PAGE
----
Without argument, the Bush administration has been the most blatantly propagandist administration in our nations history. From bribing journalists to fake news reports to hand picking his audience, Bush has truly been the propaganda president. But now, he has even trumped himself once again. At a Denver stump speech for Social Security privatization, three citizens were forcibly removed from the audience "out of concern they might try to disrupt the event." How did the Republican staffers come to this decision? Bumper stickers... That's right, from bumper stickers. Apparently, you have to approve of 100% of the presidents agenda in order to see him speak. If you don't agree with the war in Iraq, you can't see him speak about Social Security. Don't even try to go see him speak about tort reform is you would "rather be fishing" because you might just decide to get up in the middle of the speech and go fishing and disrupt the entire speech. God forbid you have a child on the "honor roll" at such-and-such elementary school... you would probably be shot on sight.
Three Were Told to Leave Bush Town Meeting
By Jim VandeHei
Washington Post Staff Writer
Wednesday, March 30, 2005; Page A04
Three Denver residents yesterday charged that they were forcibly removed from one of President Bush's town meetings on Social Security because they displayed a bumper sticker on their car condemning the administration's Middle East policies.
The three, all self-described progressives who oppose Bush's Social Security plan, said an unidentified official at an event in Denver last week forced them to leave before the president started to speak, even though they had done nothing disruptive, said their attorney, Dan Recht.
Initially, the three believed Secret Service agents had grabbed them and ushered them out of the auditorium, Recht said. But he said that Lon Garner, the Secret Service agent in charge of the Denver office, told them the service investigated the matter and found it was a "Republican staffer" who removed them because they had a "No More Blood for Oil" bumper sticker on their car.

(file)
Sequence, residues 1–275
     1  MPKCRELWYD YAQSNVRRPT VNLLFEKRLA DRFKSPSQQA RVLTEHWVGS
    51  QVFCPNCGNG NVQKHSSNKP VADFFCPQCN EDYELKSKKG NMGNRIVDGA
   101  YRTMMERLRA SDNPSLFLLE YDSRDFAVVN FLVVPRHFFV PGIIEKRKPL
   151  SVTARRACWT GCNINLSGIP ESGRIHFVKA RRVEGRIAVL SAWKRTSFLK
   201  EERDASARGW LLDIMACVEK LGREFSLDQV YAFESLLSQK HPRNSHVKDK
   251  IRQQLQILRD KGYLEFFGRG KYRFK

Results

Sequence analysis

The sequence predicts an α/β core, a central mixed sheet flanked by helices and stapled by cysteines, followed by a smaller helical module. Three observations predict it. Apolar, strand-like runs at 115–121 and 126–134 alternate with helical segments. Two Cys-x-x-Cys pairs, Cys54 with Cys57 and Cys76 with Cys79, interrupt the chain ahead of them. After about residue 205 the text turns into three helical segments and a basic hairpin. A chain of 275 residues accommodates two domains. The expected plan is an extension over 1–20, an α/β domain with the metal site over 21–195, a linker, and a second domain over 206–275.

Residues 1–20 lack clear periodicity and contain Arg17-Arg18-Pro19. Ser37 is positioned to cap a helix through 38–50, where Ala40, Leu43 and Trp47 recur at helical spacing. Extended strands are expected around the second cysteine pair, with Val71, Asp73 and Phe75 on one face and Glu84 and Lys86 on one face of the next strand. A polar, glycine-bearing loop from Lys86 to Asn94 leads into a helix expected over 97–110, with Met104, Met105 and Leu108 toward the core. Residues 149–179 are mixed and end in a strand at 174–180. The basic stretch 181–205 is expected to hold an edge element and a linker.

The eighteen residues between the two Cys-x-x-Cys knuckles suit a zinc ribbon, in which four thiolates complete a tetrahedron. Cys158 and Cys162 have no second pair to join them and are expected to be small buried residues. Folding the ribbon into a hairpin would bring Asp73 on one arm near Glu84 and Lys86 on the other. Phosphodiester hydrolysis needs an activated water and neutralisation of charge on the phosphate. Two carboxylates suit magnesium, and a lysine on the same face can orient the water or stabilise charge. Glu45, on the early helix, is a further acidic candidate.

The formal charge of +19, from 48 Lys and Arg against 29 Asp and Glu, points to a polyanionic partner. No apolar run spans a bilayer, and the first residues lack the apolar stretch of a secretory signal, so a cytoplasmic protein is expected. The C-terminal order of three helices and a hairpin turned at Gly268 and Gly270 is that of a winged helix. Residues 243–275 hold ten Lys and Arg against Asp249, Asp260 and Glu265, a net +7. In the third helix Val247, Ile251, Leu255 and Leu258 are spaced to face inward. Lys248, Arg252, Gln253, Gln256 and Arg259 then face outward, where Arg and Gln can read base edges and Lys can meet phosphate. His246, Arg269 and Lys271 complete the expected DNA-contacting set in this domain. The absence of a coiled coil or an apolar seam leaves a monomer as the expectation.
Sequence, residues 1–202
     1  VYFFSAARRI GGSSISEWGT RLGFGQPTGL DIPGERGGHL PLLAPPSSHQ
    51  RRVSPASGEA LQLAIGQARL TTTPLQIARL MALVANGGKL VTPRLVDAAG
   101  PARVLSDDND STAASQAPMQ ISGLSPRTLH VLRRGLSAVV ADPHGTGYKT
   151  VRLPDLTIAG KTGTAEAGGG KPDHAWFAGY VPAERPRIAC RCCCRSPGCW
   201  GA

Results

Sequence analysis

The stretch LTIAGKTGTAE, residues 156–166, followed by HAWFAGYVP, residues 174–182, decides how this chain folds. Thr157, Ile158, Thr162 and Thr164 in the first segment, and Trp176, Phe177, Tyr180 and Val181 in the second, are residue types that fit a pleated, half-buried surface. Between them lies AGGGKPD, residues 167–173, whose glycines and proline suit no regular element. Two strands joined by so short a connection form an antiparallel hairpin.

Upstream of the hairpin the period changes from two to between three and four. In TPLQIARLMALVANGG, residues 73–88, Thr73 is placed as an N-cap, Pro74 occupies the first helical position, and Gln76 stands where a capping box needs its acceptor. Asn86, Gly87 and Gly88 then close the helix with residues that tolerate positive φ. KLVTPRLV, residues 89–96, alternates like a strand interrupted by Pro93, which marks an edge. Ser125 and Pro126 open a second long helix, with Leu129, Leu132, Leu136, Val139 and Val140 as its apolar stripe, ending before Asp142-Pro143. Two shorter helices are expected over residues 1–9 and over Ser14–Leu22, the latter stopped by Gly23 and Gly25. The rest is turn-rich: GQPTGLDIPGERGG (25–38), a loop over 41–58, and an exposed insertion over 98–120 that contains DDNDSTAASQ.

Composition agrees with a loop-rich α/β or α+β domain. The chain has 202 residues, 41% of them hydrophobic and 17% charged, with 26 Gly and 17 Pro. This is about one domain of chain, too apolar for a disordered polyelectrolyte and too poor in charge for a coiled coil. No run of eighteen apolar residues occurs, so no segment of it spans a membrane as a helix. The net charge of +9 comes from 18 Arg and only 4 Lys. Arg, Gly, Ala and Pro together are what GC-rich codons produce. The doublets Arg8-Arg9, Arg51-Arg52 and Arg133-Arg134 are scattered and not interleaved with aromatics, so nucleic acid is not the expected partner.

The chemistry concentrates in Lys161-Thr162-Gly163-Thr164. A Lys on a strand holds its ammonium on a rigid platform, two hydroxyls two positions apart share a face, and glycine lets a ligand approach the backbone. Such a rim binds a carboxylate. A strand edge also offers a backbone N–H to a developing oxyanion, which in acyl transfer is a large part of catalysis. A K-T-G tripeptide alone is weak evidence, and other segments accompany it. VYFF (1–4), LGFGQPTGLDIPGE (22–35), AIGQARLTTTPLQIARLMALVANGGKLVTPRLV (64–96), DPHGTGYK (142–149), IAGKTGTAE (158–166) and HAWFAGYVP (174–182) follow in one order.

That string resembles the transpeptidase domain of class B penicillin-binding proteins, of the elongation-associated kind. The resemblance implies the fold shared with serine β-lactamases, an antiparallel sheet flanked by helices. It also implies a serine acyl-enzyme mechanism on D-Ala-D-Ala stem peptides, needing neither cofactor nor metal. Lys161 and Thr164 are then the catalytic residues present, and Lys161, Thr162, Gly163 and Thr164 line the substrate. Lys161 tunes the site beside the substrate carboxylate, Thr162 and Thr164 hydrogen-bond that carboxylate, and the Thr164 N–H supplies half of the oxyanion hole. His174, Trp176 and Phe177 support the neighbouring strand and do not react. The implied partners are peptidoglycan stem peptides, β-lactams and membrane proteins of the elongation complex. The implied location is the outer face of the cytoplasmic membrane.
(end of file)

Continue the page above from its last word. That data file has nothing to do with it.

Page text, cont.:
Garner said yesterday that he was told by headquarters not to comment on the matter, and referred calls to Washington.
Jim Mackin, a spokesman for the Secret Service here, said he could not discuss the allegations that a Republican staff member was involved. "We will continue to look into it," he said. Mackin said a preliminary inquiry found that the Secret Service was not involved in the incident, which was first reported by the Associated Press.
Scott McClellan, Bush's press secretary, said it was a volunteer who asked them to leave "out of concern they might try to disrupt the event." He said the White House welcomes a variety of voices into events but discourages people from coming to heckle the president or disrupt town hall forums. "If someone is coming to try to disrupt it, then obviously that person would be asked to leave," he said. "There is plenty of opportunity outside of the event to express their views."
This is not the first time people have complained about heavy-handed monitoring of who can attend -- and speak at -- Bush's events promoting his Social Security plan. A newspaper in Fargo, N.D., reported that when Bush came to the city on Feb. 3, more than 40 residents were barred from attending the event.